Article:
Some were also upset that tickets for some sold-out screenings started showing up on StubHub for hundreds of dollars, which is understandable. But I would encourage people to see the benefits: many of those insanely high-priced tickets won’t be purchased ($525 dollars to see the new Ewan McGregor movie?), which is great news for people in the rush line. This year, those rush admissions are priced at a discount, so conceivably a bunch of unsold StubHub tickets means even more people might save money.
What’s Going On At TIFF Today?
It begins! Starting in the late afternoon and running until midnight, the first screenings of the 41st TIFF are rolling out. Today is also the first day of Festival Street, a “public promenade” that spans King Street between several major festival venues (including Roy Thomson Hall, Princess of Wales, and Bell Lightbox, and the Hyatt Regency hotel, home of TIFF’s Industry operations). On the street there will be performances, activations, screenings and patios for some of the strip’s restaurants. Highlights today include a screening of The Man Trap, a classic episode of the original Star Trek TV series (Bell Lightbox will celebrate the 50th anniversary of the venerable sci-fi franchise this fall). As a result of this activity, remember King Street is closed to vehicular traffic between University and Spadina starting today until first thing Monday morning, which will necessitate the 504 streetcars to be re-routed around this zone. This is a source of frustration for Transit Twitter.
The Opening Night Gala is The Magnificent Seven, a remake of the classic 1960 Western (which itself was an Americanized remake of Akira Kurosawa’s Seven Samurai. This film reunites director Antoine Fuqua with star Denzel Washington, who deservedly won the Best Actor Oscar for Fuqua’s Training Day; they hit box office paydirt together two years ago with the big screen reboot of the 80s vigilante TV drama The Equalizer. This new version is informed by modern sensibilities (in the tradition of the Neo-Western it uses the past to comment on the present, with a diverse all-star cast). No word yet if Denzel Washington’s gunslinger character guarantees anything in this film, as he almost always does. It has two screenings tonight, the by-invitation-only premiere at Roy Thomson Hall and the public premiere at the Elgin.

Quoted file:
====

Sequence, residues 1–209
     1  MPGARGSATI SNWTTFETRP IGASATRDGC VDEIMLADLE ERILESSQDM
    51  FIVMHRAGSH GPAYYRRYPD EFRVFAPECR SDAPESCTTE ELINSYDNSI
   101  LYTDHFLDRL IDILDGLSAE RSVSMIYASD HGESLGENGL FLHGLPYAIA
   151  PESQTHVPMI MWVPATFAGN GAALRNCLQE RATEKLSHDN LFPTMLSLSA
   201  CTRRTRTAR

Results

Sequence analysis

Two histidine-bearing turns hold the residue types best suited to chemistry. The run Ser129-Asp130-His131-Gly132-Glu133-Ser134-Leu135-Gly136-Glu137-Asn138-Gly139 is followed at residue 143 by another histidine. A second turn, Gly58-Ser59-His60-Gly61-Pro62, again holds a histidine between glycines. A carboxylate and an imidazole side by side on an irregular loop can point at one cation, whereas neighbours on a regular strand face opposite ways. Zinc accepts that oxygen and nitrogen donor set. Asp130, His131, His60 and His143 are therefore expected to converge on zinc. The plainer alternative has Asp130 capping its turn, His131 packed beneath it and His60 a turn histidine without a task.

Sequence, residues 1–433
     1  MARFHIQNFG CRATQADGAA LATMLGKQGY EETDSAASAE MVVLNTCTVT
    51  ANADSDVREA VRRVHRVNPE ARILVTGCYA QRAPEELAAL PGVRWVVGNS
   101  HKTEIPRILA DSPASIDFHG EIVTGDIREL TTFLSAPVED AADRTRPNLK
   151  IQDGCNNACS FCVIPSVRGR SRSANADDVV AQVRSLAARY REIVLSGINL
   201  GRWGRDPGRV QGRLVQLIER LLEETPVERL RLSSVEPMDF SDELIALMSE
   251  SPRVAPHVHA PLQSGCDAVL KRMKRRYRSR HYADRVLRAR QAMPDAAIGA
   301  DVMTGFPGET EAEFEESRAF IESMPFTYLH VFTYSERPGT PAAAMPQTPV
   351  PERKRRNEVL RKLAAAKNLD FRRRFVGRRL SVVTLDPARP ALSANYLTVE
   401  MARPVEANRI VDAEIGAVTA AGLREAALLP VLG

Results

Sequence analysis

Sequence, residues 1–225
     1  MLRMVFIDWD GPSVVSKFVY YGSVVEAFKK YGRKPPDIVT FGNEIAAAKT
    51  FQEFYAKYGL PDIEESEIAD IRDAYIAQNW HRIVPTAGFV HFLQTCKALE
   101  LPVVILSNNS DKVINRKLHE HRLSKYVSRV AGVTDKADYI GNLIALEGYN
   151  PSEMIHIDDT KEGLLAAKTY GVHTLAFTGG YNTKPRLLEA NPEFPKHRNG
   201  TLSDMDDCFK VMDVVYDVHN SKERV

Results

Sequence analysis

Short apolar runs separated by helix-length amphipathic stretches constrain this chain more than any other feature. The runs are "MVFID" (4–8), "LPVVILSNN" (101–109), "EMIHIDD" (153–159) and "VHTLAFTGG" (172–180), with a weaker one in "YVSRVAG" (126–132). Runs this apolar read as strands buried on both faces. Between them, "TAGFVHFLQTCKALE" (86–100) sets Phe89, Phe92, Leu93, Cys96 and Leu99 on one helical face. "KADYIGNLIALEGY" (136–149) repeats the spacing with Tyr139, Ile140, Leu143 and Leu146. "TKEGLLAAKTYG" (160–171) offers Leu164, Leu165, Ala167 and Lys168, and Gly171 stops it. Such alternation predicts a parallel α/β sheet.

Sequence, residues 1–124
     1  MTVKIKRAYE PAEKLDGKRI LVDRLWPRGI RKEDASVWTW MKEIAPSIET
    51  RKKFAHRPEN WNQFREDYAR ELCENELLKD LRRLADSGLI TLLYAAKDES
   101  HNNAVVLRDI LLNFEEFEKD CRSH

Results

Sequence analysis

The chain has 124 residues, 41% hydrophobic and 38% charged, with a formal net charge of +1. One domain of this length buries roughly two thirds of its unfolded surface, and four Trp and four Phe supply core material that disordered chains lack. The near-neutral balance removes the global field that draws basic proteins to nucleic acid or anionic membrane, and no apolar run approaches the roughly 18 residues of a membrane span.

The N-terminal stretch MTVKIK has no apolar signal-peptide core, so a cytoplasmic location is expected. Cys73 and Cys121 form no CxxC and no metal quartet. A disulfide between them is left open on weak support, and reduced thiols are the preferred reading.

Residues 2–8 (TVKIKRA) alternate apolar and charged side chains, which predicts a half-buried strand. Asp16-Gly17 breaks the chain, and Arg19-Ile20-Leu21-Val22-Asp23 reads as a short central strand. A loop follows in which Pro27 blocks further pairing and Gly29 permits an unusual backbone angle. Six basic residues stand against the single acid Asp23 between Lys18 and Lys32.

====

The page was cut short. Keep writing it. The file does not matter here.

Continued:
Toni Erdmann is one of the top Film Twitter movies of the year. Most of the initial raves about this film from the Film Twitter community have been very light on the details, with most just saying it is a masterpiece and not wanting to ruin anything about it. Perhaps it’s just that the film is impervious to synopsis. It is Germany’s official submission for the Best Foreign Language Oscar, is two and a half hours long, and has its first screening today at 5:30 pm at the Ryerson.
The legendary Midnight Madness programme kicks off tonight at 11:59 pm with English director Ben Wheatley’s follow-up to High-Rise, the Martin Scorsese-produced Free Fire, a seemingly more straight-ahead period thriller starring Cillian Murphy and last year’s Best Actress Oscar winner Brie Larson.
Tomorrow: Some Q-and-A dos and don’ts, and how Film Twitter processed Day 1 of TIFF!